The time is finally here, AMD has launched a game changing CPU with incredible leaps in performance compared to their previous FX CPU line. My intention here is to aid you in leveraging just a bit more out of the AMD Ryzen CPU. One great thing that AMD carried forward is that all Ryzen CPUs have unlocked multipliers, this alone makes life easier when it comes to overclocking.
The guide will be split into sections describing the Ryzen CPU itself, the tools you’ll need to get a proper OC, and different approaches to attaining the final results. It is important to note that maximum clock speeds are very dependent on many factors: processor, motherboard, and cooling method all play a large part in the final results and even with the exact same parts your results will vary.
AMD RYZEN CPU
This CPU is a brand new microarchicture from AMD which includes some firsts for them. With their partner Global Foundries they managed a huge process shrink from 32 ƞm to 14 ƞm. They have also integrated much of the IO functionality into the die, similar to the past when they integrated the memory controller. On top of that, it’s their first foray into DDR4. For more details on the CPUs check out our review of the AMD Ryzen 7 1800x as well as the Ryzen 7 1700x/1700 and Ryzen 5 1600X/1500X reviews.
Before we see how all this comes together I have a few words from AMD to help explain the Ryzen CPU’s normal and overclocked operation.
AMD Ryzen Processor Normal Operation
To describe how the AMD processor operates in Overclocking Mode it is best to understand how the AMD Ryzen processor operates normally. When operating normally, the AMD Ryzen processor has the following characteristics:
The frequency of processor core clock is determined by a combination of the software requested p-state and then adjusted by a combination of numerous power and performance optimizing features to attain any of number of fine grain p-states around that software-requested p-state.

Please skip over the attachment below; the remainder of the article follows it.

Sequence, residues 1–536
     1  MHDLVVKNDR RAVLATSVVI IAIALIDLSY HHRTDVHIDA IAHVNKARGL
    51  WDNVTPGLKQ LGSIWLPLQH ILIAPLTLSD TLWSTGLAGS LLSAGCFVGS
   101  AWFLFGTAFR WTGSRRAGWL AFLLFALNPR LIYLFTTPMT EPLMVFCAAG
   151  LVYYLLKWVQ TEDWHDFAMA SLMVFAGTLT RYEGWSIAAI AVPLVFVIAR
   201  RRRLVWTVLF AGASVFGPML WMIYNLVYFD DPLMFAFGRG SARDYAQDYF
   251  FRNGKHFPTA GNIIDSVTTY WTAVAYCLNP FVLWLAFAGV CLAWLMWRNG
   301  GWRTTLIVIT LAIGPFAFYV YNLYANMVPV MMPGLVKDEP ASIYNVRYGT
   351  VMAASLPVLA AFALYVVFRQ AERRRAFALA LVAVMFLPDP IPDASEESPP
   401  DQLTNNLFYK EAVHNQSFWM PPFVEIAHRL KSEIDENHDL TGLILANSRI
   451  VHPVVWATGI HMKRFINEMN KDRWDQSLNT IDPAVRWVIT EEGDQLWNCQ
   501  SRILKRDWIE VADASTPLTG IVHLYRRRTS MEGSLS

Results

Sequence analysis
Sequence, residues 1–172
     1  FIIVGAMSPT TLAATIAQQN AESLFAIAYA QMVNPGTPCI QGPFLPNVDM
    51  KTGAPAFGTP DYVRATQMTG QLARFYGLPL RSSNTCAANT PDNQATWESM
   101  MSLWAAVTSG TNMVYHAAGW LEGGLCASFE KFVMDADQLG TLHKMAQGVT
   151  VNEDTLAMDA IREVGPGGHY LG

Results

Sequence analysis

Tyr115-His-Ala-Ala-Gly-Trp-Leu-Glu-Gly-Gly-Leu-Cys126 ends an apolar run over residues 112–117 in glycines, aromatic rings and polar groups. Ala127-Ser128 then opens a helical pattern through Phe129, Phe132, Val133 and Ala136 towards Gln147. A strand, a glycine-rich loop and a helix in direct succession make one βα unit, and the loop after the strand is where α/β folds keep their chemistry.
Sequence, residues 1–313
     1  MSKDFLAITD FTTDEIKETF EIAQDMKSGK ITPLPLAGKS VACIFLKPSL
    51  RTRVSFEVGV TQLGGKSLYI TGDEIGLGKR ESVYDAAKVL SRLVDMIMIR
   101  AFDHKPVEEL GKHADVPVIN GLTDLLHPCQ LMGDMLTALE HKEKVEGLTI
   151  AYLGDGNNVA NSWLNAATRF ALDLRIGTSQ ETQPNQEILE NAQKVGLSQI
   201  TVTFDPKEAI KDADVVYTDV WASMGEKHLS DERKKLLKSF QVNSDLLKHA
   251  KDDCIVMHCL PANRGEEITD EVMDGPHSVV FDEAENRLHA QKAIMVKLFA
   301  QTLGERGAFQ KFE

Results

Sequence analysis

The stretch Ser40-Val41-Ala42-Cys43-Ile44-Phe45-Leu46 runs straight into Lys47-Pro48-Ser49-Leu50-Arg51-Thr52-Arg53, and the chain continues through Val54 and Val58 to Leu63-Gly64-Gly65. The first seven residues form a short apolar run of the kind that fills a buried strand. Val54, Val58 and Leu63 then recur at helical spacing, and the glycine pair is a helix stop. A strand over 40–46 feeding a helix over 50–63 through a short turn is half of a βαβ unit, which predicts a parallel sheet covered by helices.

Internal control mechanisms measure internal temperatures, power and current consumption, and manage the operating voltage and frequency of various internal cores to maintain specified levels. For example, when the number of active cores is below a pre-determined threshold, the active core temperatures are below maximum, and the consumed total current is below infrastructure limits, then those active cores will be boosted in voltage and frequency to the c-state “boost” frequency until any of those conditions are no longer true.
The voltages for some of the various cores are internally generated from external supplies. For example, each of the processor cores uses a supply independently generated from the external supply. As the operating frequency for each processor core is adjusted to attain various fine grain p-states, the operating voltage of the core is adjusted to support that new frequency at optimal power consumption. The voltage adjustments are done using the internal voltage regulator and the SVI2-controlled external supply voltage, if needed.
Software requested p-state or halt states adjust the level of power to which those internal control mechanisms manage. For example, when software executes a HALT instruction on a processor core, that core will enter the C1 reduced-power state. If that core does not receive an interrupt to resume execution, it will progress to increasingly-lower power states until finally saving the state of the core and being powered off.